It’s tempting for policymakers to react to a tragedy by quickly passing legislation. The Sarbanes-Oxley financial reform bill, for example, was rushed through Congress after the meltdown of Enron and WCOM. Today, many question the impact of this reform which added considerably to the cost of doing business, but probably did very little to prevent corporate fraud and protect investors.
We may see something similar in the wake of this oil spill. It’s certainly a disaster, and people need to figure out why it happened and how to prevent a repeat. Those responsible should be held financial responsible. But it’s also important to keep the event in perspective, and not embrace policy solutions that seem like political short-term winners, but are long-term policy mistakes.
The WSJ has an editorial today that makes this case well:
The harm [of the oil spill] will be considerable, which is why it is fortunate that such spills are so rare. The most recent spill of this magnitude was the Exxon Valdez tanker accident in 1989. The largest before that was the Santa Barbara offshore oil well leak in 1969.
The infrequency of big spills is extraordinary considering the size of the offshore oil industry that provides Americans with affordable energy. According to the Interior Department’s most recent data, in 2002 the Outer Continental Shelf had 4,000 oil and gas facilities, 80,000 workers in offshore and support activities, and 33,000 miles of pipeline. Between 1985 and 2001, these offshore facilities produced seven billion barrels of oil. The spill rate was a minuscule 0.001%.
According to the National Academy of Sciences-which in 2002 completed the third version of its “Oil in the Sea” report-only 1% of oil discharges in North Americas are related to petroleum extraction. Some 62% of oil in U.S. waters is due to natural seepage from the ocean floor, putting 47 million gallons of crude oil into North American water every year. The Gulf leak is estimated to have leaked between two million and three million gallons in two weeks.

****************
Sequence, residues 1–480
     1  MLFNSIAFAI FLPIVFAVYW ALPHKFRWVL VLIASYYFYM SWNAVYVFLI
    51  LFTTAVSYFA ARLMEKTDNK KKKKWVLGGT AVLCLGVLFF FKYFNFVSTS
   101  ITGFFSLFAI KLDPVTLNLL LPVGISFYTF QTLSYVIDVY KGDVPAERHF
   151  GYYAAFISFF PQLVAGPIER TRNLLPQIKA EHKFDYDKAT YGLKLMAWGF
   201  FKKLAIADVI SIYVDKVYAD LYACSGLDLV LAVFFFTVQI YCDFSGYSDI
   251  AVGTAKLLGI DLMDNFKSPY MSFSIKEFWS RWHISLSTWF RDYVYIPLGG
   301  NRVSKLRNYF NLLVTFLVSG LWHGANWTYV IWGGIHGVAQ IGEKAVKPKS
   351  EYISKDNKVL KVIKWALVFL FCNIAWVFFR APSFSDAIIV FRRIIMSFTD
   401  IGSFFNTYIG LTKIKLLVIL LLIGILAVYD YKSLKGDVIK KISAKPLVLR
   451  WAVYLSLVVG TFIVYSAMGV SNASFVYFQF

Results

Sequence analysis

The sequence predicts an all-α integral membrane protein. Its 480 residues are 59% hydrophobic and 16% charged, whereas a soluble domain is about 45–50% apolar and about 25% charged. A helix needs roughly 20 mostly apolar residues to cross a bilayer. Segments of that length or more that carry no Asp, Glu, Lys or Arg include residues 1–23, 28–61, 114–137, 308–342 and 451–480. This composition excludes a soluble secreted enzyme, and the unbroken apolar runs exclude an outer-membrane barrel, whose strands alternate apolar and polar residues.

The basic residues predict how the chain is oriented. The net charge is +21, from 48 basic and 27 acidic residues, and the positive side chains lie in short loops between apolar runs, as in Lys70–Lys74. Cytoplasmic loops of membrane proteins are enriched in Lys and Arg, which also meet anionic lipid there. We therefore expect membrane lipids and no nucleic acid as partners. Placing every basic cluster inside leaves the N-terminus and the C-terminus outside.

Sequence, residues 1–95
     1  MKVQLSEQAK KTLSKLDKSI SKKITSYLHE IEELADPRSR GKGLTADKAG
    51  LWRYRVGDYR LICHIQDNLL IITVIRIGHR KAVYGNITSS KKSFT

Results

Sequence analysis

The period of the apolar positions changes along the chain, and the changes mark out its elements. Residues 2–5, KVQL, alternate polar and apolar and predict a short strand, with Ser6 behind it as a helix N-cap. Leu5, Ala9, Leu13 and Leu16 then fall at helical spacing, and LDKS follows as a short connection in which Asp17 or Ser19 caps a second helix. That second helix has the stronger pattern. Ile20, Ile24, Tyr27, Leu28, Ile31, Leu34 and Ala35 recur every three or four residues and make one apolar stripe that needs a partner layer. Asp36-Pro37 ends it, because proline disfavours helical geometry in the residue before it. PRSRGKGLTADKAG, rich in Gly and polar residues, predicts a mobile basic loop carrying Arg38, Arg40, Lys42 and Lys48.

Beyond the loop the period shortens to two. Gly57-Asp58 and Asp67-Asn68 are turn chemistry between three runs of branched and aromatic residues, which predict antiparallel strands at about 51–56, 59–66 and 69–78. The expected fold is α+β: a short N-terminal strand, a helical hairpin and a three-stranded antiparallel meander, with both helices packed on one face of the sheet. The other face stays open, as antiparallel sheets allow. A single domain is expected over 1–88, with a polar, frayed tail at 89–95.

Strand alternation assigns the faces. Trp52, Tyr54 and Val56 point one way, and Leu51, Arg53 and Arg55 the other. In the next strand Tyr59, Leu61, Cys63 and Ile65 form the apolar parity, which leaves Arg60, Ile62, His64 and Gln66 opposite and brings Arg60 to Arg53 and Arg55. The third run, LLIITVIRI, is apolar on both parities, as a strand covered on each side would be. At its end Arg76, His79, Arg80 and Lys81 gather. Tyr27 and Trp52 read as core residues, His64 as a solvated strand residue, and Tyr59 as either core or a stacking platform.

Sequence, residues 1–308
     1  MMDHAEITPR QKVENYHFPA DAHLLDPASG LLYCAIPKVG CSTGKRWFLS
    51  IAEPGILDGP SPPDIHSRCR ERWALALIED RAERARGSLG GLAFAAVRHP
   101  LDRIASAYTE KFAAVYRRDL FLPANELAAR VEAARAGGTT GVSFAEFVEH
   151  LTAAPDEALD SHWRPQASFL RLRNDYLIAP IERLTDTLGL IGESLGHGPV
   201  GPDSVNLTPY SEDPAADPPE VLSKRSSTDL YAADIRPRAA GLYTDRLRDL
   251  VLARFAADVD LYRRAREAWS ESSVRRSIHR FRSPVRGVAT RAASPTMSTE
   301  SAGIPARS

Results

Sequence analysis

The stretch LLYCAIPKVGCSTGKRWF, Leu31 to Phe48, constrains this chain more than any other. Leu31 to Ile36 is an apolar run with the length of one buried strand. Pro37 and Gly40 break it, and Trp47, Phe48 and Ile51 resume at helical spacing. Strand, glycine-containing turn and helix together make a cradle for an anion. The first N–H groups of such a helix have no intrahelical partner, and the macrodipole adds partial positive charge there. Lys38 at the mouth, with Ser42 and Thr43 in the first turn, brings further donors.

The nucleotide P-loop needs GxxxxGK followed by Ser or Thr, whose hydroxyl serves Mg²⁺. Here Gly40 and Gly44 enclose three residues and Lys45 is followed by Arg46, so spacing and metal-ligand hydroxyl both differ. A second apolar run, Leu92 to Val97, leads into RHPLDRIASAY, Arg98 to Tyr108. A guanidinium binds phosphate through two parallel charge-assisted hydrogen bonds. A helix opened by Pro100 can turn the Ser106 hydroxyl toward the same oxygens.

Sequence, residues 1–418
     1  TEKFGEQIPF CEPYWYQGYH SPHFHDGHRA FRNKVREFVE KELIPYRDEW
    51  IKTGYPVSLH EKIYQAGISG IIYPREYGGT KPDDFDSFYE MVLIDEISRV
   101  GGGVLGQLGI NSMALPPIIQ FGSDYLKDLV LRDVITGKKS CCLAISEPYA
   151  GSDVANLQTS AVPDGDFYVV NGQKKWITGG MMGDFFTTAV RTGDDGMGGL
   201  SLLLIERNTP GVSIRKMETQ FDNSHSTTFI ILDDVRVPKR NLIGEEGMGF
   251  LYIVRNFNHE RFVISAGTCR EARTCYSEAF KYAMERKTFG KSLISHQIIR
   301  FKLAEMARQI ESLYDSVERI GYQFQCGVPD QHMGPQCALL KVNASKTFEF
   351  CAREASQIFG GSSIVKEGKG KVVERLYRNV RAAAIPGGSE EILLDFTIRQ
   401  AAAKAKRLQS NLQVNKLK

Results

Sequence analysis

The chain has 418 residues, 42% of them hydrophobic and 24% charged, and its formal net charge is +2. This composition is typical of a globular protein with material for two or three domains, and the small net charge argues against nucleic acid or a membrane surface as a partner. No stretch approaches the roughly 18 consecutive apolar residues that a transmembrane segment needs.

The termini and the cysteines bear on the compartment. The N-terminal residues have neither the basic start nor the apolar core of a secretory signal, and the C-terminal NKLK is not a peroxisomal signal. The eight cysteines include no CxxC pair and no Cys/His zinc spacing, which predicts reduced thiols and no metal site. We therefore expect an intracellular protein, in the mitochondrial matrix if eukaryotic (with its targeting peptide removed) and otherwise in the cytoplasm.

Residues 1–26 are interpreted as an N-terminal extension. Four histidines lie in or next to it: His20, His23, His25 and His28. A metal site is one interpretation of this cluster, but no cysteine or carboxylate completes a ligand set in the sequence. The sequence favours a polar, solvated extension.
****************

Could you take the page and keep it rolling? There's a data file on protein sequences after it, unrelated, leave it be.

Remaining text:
Such an accident is still unacceptable, which is why the drilling industry has invested heavily to prevent them. The BP well had a blowout preventer, which contains several mechanisms designed to seal pipes in the event of a problem. These protections have worked in the past, and the reason for the failure this time is unknown. This was no routine safety failure but a surprising first. …
…As for a drilling moratorium, it is no guarantee against oil spills. It may even lead to more of them. Political fantasies about ending our oil addiction notwithstanding, the U.S. economy will need oil and other fossil fuels for decades to come. If we don’t drill for it at home, the oil will have to arrive by tanker and barges. Tankers are responsible for more spills than offshore wells, and those spills tend to be bigger and closer to shore-which usually means more environmental harm.
The larger reality is that energy production is never going to be accident free. No difficult human endeavor is, whether space travel or using giant cranes to build skyscrapers. The rest of the world is working to exploit its offshore oil and gas reserves despite the risk of spills. We need to be mindful of such risks, and to include prevention and clean up in the cost of doing business, but a modern economy can’t run without oil.